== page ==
DO NOT THINK THAT NORMAN WAS NOT A CYCLIST. Throughout his life Norman was a member of the Teeside District Association HARD RIDERS. To be a member of The Hard Riders the cyclist must ride 100 miles in under 7 hours and 200 in under 14 hours. A few of the outings he was the only one in the group to finish -after the rest packed it in due to cold and snow. These were not races but rather social rides that involved at least a pint of beer per hundred miles. He had piles of certificates dating back decades he had recieved from the CTC for his riding exploits..he was hard.
When I spent the summer of 1980 in Teeside I lived with Ken and his wife Honor across from the park where captin cook was born. The days were long in the northern summers, and after riding back from the works with Ken I would eat , and then go to the park where the local kids were learning the lastest dance routines from the Madness songs. I had a few skryos , a flying toy -which later became the aerobie, that I threw around the park. The skyro was like a super frisbee :this I later learned was fitting becuase the Apprentice the Taylors had before me ,Jack Whitmer (later to run cook bros) had gained the nick name "frisebee Jack"
In mornings I would take a training loop into the works and make rear carriers,until lunch when I would ride the works BSA para trooper bike to either the chippy or the sandwich shop and fetch some lunch.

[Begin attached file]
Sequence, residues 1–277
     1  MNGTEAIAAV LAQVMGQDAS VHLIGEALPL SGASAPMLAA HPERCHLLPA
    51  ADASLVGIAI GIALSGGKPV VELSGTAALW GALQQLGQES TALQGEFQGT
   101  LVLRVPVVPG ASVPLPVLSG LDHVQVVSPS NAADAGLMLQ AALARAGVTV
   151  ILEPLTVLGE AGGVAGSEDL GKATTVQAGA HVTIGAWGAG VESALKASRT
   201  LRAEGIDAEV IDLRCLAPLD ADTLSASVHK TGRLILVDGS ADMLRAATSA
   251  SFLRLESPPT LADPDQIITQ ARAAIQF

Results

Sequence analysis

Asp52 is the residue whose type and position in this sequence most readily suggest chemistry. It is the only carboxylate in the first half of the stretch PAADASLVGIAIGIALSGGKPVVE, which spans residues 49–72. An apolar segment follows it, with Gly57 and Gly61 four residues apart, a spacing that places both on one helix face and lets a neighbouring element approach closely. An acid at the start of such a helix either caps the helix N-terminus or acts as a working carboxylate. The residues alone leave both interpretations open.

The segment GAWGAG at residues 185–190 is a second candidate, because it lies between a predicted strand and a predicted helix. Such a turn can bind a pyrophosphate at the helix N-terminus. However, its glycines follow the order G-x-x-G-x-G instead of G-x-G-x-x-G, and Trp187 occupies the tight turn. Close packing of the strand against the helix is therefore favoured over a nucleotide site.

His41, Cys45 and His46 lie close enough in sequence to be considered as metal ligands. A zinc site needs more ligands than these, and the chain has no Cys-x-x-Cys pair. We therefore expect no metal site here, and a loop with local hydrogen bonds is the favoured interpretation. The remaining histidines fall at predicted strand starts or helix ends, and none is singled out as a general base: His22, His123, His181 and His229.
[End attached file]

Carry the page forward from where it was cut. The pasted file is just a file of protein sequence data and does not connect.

I rekon I wasn't put up at Greta lane where Norman lived his entire life becuase his nights were spent at the Norton working mans club.
Anyhow since then every time I see A jeep I think of our Norman, and it is a vehicle I have contemplated owning. I remember seeing the ads in old magazines of the post war period selling surplus jeeps along side Aero Ektar lenses for 29 dollars. Well I bought a jeep for 15 dollars on sunday to remember norman with. I took it out , and had to look under the hood , after I got stuck in the mud.
It was photogenic so I took a photo and drank a beer. When I visited the Taylors in 1994 before the Cycle messenger world championships in london I was old enough to drink and I stayed with Norman a few days on Greta Lane. Its when I first drank at the Norton WMC.
|NORTON WORKING MANS CLUB|
|Sign in the W.C. of the Norton W.M.C|
These working mans clubs are Members clubs that are all but dissappeared these days. You would enter the building and show your card to get in. Upstairs was fancy ,women were allowed and it must have cost more. Downstairs , where I went with Norman , was all men except for maybe a barmaid. There were 2 or 3 snooker tables with coin operetated lights with everyones pool cues locked up below the tables. One side of the room had 3 darts boards where occasionaly another WMC would be hosted for a tournement. The rest of the decor in the room was straight up high school cafeteria, folding chairs and florescent lights.